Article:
Going without health insurance can lead to severe financial consequences. An illness or injury can wipe out your savings. In addition, since 2014, people have paid a penalty for not having health insurance. Congress removed that penalty, effective Jan. 1.
The end of the penalty may lead people to skip health insurance in 2019, which could be a reason why the number of people buying plans on Healthcare.gov is down compared to last year. But even without a penalty, buying health insurance remains a solid way to protect your budget from a big medical bill. (Policygenius can help you compare health plans.)
The impact of the individual mandate
From Nov. 1 through Dec. 1, 3.2 million people selected health insurance plans on Healthcare.gov, according to the Centers for Medicare & Medicaid Services. Over the same period last year, 3.6 million people had picked plans. The end of the penalty could be one reason for the 400,000-person drop, but it's too early to tell, said John McDonough, a professor of public health practice at the Harvard T.H. Chan School of Public Health, who helped pass health reform legislation in Massachusetts in 2006.
"That could be substantially related to the elimination of the penalty tied to the individual mandate, or it could be other factors, or it could be a combination of all of them," he said.
The cost of insurance coverage may be a more important factor in why fewer people are signing up, McDonough said. Monthly premiums on Healthcare.gov rose from $204 in 2016 to $406 in 2019, according to an average used by the CMS.
"For a lot of folks, it's simply too big a financial stretch," McDonough said.
The point of the individual mandate is to keep prices low. When a greater number of healthy people buy plans, health insurance companies can afford to charge lower prices to each policyholder. The end of the penalty has not led to higher prices so far. Premiums for 2019 plans are down slightly compared to last year. But if enrollment dips further, insurers may have to hike prices in the future.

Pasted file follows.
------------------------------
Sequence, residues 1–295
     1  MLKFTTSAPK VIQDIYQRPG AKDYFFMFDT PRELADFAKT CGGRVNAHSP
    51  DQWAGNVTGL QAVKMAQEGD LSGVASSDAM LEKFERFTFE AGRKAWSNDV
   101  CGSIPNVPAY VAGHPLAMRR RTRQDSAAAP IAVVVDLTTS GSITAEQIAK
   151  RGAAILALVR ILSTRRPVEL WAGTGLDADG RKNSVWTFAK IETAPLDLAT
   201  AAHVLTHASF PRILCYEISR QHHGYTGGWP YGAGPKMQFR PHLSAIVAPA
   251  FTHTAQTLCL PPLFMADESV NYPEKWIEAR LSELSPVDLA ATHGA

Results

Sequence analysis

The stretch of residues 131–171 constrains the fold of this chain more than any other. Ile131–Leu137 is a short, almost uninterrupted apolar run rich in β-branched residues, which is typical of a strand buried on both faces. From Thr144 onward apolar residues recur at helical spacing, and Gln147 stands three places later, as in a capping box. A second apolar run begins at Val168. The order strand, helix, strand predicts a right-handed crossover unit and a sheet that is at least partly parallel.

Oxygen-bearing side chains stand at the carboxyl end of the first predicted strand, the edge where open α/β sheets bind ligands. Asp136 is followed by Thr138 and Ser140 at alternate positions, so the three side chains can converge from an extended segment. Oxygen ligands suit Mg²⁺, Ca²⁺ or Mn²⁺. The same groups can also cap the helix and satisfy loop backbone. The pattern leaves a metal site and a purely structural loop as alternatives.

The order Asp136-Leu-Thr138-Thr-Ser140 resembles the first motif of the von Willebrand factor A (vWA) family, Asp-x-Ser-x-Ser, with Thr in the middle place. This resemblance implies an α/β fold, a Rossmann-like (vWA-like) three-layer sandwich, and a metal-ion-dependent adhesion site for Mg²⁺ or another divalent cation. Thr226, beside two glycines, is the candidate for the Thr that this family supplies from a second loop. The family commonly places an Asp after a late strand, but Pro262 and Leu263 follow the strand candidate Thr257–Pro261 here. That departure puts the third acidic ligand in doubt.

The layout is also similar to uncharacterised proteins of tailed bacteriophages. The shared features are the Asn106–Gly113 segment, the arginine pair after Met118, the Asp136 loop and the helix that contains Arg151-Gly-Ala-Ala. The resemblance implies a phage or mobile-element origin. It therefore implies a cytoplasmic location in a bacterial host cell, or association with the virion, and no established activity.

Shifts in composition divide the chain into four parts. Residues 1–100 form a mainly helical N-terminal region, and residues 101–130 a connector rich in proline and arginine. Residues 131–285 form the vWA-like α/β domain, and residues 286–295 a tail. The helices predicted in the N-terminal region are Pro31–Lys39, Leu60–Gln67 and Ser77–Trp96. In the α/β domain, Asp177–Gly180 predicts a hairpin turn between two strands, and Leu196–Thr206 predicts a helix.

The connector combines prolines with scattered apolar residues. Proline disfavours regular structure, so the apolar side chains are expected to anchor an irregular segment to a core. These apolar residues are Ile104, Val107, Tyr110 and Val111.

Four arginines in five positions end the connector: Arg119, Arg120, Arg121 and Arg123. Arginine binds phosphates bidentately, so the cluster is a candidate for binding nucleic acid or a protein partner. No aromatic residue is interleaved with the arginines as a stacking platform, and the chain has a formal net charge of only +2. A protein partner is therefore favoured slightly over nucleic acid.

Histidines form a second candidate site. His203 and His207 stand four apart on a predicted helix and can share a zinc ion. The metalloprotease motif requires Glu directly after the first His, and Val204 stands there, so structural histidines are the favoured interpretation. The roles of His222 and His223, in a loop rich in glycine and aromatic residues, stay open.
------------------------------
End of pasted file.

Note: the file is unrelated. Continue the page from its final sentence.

State individual mandates
Not everyone can skip health insurance penalty-free in 2019. Some states have enacted their own mandates. Massachusetts has had a mandate since 2006. New Jersey and Washington, D.C., passed mandates that take effect in 2019, while a Vermont mandate starts in 2020.
A few other states are considering mandates as well, but there is no broad movement to penalize people for not buying health care.
How to get health insurance
The penalty may be gone for many people, but skipping health care could still be costly. If you get sick or injured or get in an accident, you may be stuck with expensive medical bills or unpaid time off from work.
The deadline to sign up for a plan through Healthcare.gov is Saturday. Many people qualify for subsidies that reduce the cost of their plans. Others may be able to apply for Medicaid.
Learn everything you need to get health care in 2019 with our step-by-step guide.